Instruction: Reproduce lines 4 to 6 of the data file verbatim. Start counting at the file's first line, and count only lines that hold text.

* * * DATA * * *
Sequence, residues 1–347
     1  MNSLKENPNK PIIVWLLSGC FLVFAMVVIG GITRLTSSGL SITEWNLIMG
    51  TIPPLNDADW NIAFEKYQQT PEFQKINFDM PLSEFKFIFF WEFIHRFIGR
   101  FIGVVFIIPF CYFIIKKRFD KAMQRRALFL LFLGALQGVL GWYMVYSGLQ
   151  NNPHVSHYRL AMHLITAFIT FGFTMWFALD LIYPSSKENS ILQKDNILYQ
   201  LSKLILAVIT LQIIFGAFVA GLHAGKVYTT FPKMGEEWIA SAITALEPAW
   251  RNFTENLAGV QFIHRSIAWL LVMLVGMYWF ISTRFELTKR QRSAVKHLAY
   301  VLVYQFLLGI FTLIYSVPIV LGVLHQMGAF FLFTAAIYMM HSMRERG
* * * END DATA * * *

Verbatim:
   101  FIGVVFIIPF CYFIIKKRFD KAMQRRALFL LFLGALQGVL GWYMVYSGLQ
   151  NNPHVSHYRL AMHLITAFIT FGFTMWFALD LIYPSSKENS ILQKDNILYQ
   201  LSKLILAVIT LQIIFGAFVA GLHAGKVYTT FPKMGEEWIA SAITALEPAW